IMF urging Canada to keep its housing market robust

by Ephraim Vecina on 07 Jun 2017
The International Monetary Fund strongly urged the Canadian government at all levels to take more decisive steps to protect the nation’s housing market from a possible correction, as such an development represents an existential risk to the Canadian economy as a whole.

In the preliminary findings of its annual review of the Canadian economy, the IMF said last week that a further tightening of macro-prudential and tax-based measures to mitigate speculative and investment activity should be considered.

The organization also called for closer coordination between federal and provincial regulators as well as government efforts to collect more comprehensive data on real estate transactions, The Canadian Press reported.

The housing market and high levels of household debt are often pointed to as areas of concern for the Canadian economy. Ottawa has moved several times in recent years to tighten mortgage lending rules including expanded stress tests on mortgages.

A foreign buyer tax of 15 per cent was also implemented in the Vancouver region last summer, while Ontario recently announced plans for a similar levy for the Greater Toronto Area. The IMF encouraged B.C. and Ontario to replace their foreign buyer taxes.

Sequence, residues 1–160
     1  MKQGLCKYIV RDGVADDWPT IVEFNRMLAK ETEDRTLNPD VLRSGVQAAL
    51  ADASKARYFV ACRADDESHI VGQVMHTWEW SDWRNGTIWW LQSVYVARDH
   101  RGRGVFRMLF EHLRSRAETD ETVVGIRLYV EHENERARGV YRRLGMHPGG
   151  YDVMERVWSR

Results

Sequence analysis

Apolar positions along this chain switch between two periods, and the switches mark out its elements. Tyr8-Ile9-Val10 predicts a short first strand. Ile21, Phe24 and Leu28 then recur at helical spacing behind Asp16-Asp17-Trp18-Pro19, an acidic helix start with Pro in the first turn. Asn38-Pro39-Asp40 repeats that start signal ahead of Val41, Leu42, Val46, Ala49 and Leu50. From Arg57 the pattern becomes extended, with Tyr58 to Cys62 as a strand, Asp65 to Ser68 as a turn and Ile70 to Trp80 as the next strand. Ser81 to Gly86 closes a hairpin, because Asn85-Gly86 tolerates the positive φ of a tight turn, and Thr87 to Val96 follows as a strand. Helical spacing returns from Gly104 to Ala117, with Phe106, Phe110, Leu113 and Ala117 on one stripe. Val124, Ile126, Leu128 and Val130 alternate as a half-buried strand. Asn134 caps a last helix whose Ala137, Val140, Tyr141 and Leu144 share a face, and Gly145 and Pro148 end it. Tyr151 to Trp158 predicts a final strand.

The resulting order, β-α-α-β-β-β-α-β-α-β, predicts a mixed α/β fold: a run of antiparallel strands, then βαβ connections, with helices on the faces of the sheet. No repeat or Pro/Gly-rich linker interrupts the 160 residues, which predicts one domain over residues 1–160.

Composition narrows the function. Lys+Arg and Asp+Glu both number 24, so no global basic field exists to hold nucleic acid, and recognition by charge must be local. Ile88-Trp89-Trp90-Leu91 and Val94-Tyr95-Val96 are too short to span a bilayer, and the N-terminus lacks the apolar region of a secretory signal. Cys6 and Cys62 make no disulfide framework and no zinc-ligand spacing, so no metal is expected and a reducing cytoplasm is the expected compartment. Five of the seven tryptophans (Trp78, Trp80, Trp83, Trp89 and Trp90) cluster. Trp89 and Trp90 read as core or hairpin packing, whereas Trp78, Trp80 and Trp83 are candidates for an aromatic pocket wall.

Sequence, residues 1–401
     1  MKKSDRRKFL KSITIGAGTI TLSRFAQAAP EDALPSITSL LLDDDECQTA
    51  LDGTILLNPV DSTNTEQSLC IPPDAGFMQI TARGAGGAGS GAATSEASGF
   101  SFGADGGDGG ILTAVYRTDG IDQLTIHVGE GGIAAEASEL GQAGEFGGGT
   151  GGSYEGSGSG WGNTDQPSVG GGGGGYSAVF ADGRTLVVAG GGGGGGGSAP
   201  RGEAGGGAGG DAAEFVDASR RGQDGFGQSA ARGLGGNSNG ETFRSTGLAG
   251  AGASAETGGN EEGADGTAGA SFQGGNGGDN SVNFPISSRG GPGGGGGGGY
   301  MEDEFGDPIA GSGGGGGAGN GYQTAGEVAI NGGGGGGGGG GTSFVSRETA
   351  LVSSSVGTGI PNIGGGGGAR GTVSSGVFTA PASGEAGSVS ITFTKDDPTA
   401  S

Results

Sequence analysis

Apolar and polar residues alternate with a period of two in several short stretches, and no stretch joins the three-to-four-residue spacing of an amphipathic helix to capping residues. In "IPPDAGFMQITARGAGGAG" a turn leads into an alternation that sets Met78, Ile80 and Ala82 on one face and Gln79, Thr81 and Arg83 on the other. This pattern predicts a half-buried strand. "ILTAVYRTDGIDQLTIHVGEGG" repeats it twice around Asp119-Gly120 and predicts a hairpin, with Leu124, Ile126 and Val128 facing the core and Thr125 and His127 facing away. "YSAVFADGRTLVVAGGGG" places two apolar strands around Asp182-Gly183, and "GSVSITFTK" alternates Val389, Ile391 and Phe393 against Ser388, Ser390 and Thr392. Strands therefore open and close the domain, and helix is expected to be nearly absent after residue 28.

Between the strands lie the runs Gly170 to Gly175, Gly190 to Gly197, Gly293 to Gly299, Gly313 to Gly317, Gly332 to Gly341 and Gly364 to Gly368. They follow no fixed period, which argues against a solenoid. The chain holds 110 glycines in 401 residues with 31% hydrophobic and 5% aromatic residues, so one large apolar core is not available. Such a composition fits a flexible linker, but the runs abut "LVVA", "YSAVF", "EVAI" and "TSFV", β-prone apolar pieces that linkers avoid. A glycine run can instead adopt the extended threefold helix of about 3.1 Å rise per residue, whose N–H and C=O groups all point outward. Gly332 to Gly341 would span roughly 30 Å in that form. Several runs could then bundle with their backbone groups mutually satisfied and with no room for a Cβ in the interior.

Cheng Hoon Lim, the IMF’s mission chief for Canada, said there are a few policies that could help deter speculation in the housing market and alleviate concerns about rising debt burdens.

“Among these measures, a cap on household debt to income or more stringent qualification criteria for household debt above a certain threshold will go directly to addressing household indebtedness,” she said.

Moody’s Investors Service recently downgraded Canada’s six big banks amid concerns about consumer debt and housing prices that could leave them vulnerable.

Recently, the new CEO of the Canadian Bankers Association said that policy-makers should take time to ensure there are no unintended consequences stemming from efforts to rein in Toronto’s runaway housing prices before introducing further measures.

Neil Parmenter said he’s encouraged that the federal, provincial and municipal levels of government are working together on housing policy. But he urged regulators and politicians to assess what effects recent rule changes are having before bringing in new policies.

“Sometimes it’s healthy to have a bit of a pause and see what the impacts are and then adjust as necessary,” Parmenter said earlier this month.

 

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